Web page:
In the long history of first aid literature, a vast amount of information, misinformation, and folklore have been written on the subject of how to survive a snakebite and general treatment. Over the years, suggested procedures have ranged from sheer quackery to viable, but controversial, medical practices.
It is as if the terror with which humans view venomous snakes has acted as a fertilizer, encouraging the proliferation of apocryphal horror stories of vengeful mates and immortal severed heads, as well as spurious quick-and-easy antidotes to an inevitable, agonizing death.
How can you survive a snakebite if you can’t tell which snake is dangerous?
In this article, I will attempt to separate fact from fiction and recommend sound, proven first aid procedures. The vast majority of venomous snake bites in this country are from members of the subfamily Crotalinae: Rattlesnakes, Cottonmouths, and Copperheads.
These are the Pit Vipers, so-called because of a distinctive temperature-sensitive pit visible between each eye and nostril, which aids in locating prey. These snakes have two moveable, replaceable, hollow fangs in the front upper jaw, which inject the venom from glands behind each eye.
Ironically, the evolutionary purpose of this venom is to secure food, not defend against attack. This explains why some 25 to 35 percent of bites on humans are “dry,” with little or no envenomation, and little or no physical effect on the victim.
Broadly speaking, there are two types of snake venom: hemotoxic, which attacks the structure of the blood, and neurotoxic, which affects the nervous and respiratory systems.
Although pit viper venom is generally classified as hemotoxic, it often displays strong neurotoxic effects as well, so this distinction is not concrete.
A sequence of symptoms from a severe Crotalinae bite might be as follows:
- Immediate pain and swelling in the bite area.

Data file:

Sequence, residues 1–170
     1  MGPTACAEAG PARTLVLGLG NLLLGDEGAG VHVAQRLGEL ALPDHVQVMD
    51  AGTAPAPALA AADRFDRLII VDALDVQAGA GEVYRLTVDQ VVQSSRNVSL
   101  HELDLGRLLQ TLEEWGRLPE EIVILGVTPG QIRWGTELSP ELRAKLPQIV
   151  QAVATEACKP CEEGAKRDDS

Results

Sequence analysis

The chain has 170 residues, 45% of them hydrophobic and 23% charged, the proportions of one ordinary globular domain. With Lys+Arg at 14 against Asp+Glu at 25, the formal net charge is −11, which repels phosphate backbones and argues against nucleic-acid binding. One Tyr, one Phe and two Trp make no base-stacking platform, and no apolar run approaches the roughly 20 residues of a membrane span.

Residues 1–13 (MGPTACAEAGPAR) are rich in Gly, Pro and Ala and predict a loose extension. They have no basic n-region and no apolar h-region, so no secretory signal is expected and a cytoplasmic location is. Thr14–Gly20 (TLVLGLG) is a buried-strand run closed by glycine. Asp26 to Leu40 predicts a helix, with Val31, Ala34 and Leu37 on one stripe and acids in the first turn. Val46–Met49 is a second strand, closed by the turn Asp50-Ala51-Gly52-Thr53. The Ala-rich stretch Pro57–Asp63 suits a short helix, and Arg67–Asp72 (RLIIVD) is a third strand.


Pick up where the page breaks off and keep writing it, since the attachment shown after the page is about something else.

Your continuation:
- Nausea, weakness, numbness in extremities, increased pain.
- Increased swelling of the entire involved limb, muscle paralysis.
- Hemolysis (destruction of red blood corpuscles) evidenced by cyanosis (a bluish tinge to skin), renal failure accompanied by hematuria (blood in the urine), loss of consciousness, cardiac and/or respiratory failure.
Though these symptoms sound grue-some, the fact is that mortality from snakebite in the United States is extremely low, hovering around 1 to 3 percent in Arizona, for example. Though the amputation of the bitten limb is more frequent, this is as often necessitated by improper first aid treatment as by the bite itself!
How to survive a snakebite when you are stranded
If you are bitten by a rattlesnake, sit still and do absolutely nothing, and the chances are good that you will survive. In fact, staying calm and still is probably the one universally endorsed procedure among medical professionals in this field.
From there on, however, things can be confusing. Every outdoorsman remembers those snake bite kits with the little rubber suction cups and the little scalpel and tourniquet inside—practically standard equipment in the glove box of the pickup.
You were supposed to tie the tourniquet around the leg or arm above the bite, cut open the puncture wounds with the knife, and suction out the venom with the rubber cups. Unfortunately, this procedure involves a couple of questionable and even dangerous practices.
First, experience has shown the old “shoestring” tourniquet to do more harm than good. Even when loosened properly every few minutes, the tourniquet slows circulation to the bite area dangerously and, by reducing the dissemination of the venom, can greatly increase local tissue damage.